The Unaided Refugees

Refugees and displaced persons from wars, wide spread internal conflicts or large scale natural calamities call for and do get national and international attention which they certainly deserve.During the war in Afghanistan,after the terrorist attacks at New York on September 11, 2001, millions of displaced Afghans took shelter in refugee camps in Quetta, Baluchistan, Peshawar and other border areas and urban settlements in Pakistan.

Similarly during the decade-long internal ethnic conflicts in Sri Lanka, millions of people got displaced as refugees in their own country. In Bangladesh too large numbers of people getdisplaced year after year after natural calamities like floods.All these man-made conflicts like wars and natural calamities like floods and droughts get national and international attention and succour.

But in many parts of the world, especially in developing and under developed countries there are displaced persons and refugees of different types. Their country and the world are usually ignorant of them and pay no heed to them. These are the poorest of the poor people like the Adivasis (tribal people) and dalits (the poor, defenseless and oppressed people) in India and in South Asia at large.

A study made by the Indian Social Institute of New Delhi says that there are nearly 21 million people, mostly dalits and tribals who are displaced in India since independence due to small and big developmental projects.The Adivasis (tribals) in India are evicted from the land where they and several generations of their ancestors have lived; because now their government claims that they have been illegally occupying the forest land! Some of the Adivasis and dalits are forcefully evicted without adequate compensation because their land is required for regional and national projects like building dams, canals, highways and railway lines.

The government and officials concerned prefer to evict the tribals, the dalits and the marginalized small farmers because they are the people who offer the least resistance. They can not fight the government. They can not organize protest marches and sit in hunger-strikes at the state and national capital. And above all, they can not claim adequate compensation and thus
most of the compensation sanctioned by the project concerned, can be pocked by government officials and the middle men.

India and South Asia continue to have huge populations of forcibly displaced persons. One study says that South Asia, till recently, has received nearly 1.5 million refugees and another 1.6 million internally displaced people.And what are the lot of these displaced tribals and dalits in their own land and country? They migrate into small towns and cities in search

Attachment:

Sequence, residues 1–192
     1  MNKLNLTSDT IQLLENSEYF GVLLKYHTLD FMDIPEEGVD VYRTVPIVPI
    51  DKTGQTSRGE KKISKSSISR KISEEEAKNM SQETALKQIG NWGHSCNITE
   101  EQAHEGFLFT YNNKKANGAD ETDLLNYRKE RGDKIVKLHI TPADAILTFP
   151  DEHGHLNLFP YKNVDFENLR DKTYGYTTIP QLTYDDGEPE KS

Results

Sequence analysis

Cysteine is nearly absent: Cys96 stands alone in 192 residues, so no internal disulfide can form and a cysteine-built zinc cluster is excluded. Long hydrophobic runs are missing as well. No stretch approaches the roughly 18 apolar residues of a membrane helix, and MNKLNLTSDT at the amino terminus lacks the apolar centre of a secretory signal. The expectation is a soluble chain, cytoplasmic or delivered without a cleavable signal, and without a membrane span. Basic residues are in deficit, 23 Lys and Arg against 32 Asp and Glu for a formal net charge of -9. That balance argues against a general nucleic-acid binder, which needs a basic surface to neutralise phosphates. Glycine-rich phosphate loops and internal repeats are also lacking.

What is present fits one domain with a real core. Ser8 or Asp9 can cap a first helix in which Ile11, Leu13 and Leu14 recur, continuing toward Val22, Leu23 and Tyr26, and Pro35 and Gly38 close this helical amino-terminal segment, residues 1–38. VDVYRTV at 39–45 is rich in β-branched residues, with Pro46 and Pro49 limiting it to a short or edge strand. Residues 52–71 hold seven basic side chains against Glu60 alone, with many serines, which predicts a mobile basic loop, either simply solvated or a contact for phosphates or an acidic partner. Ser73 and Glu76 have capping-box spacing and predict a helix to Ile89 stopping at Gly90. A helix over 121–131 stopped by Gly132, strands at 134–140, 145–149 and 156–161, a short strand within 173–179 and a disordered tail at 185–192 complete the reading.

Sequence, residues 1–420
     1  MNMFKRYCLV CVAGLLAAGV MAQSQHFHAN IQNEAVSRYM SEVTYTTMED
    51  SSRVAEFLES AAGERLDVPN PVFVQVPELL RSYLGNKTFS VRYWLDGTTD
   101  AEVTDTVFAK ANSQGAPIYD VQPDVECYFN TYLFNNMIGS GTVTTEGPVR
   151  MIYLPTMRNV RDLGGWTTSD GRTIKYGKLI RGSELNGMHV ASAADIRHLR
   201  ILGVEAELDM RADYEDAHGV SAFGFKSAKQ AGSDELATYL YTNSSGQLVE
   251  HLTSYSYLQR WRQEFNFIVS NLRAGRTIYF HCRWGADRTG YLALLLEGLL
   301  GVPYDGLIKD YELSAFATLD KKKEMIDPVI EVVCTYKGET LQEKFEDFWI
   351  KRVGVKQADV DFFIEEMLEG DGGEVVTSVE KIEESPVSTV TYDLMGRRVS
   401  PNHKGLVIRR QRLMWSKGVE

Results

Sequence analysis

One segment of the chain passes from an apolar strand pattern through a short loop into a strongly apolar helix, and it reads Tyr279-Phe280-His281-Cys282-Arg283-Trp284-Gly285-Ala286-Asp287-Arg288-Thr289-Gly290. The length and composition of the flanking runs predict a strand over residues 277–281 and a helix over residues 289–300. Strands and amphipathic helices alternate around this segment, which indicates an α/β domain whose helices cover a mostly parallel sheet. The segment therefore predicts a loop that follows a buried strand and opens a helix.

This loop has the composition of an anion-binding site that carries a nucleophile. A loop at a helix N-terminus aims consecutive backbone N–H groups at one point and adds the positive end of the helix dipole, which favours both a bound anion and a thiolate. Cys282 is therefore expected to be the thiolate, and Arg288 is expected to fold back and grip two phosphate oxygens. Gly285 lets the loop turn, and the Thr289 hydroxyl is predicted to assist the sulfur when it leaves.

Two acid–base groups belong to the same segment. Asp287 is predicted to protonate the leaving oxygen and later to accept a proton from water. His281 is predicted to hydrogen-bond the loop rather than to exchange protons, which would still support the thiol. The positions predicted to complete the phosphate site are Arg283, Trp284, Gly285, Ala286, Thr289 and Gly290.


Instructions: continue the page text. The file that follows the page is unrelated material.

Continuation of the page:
of jobs and livelihood and end up in slums eking out the minimum to keep their body and soul together.

Many Adivasi and dalit men end up doing odd jobs like buying old newspapers and scraps of household items and selling them for megre profits. The able bodied men may go for construction works of roads and buildings or as day-labourers on hi
re and fire basis. The hutments and slums, where these refugees live, are often in the least habitable areas of the
cities like on the banks of open gutters and in abandoned and isolated locations close to sewage farms and other swampy places.

These slums lack basic amenities like water, heal thcare and education. Poor sanitation and over crowding cause often such sicknesses like gastro-enteritis, skin and respiratory disorders and diseases like cholera,diarrhoea and pneumonia.The lot of migrant women and children is the worst. They often end up as domestic workers in middle class and rich families, as low-paid house-maids doing all sorts of works like cleaning,cooking, washing, baby-sitting, etc. Their working hours stretch out from early morning to late at night.

Apart from their back-breaking jobs the girls and women are often exploited sexually. When these clandestine exploitations result in pregnancies the women are discarded like unwanted old clothes without any care or concern for their predicament and others are employed in their place without any remorse. There are also individual and groups of young girls lured to the city by middle men, sometimes heartless relatives, with the promise of jobs and sold to city brothels! Life is hell for them as they are often beaten to submission and they have none to run to and take refugee.

Most of these girls as well as a considerable number of men folk migrate to towns and cities from their natural habitat on account of poverty. The vast majority of people in India and for that matter in the whole of South Asia live in villag
es occupying themselves mainly with agriculture and cattle breeding. They depend on seasonal rains for cultivating and
making their livelihood.

The poor village people especially the landless labourers migrate to towns and cities when there is no work in the fields. Adivasis and dalits constitute the vast majority of these seasonal migrants. Experts say that 20 million poor people are on the move for jobs and better opportunities in India. A study has shown that dalits and tribals constitute 80% of the rural and urban immigration in India.

The problems of all these displaced refugees and migrant workers have to be tackled at different levels. I suggest that they could be organized in three different groups according to their background and jobs. The displaced people who cannot go back to their original habitat form one group. The second group is formed of seasonal migrant workers and the third group with women and children.The government should provide at least one permanent job to each family of displaced people and provide better relocation than what they have lost in vacating their land for the construction of dams, highways and railway lines.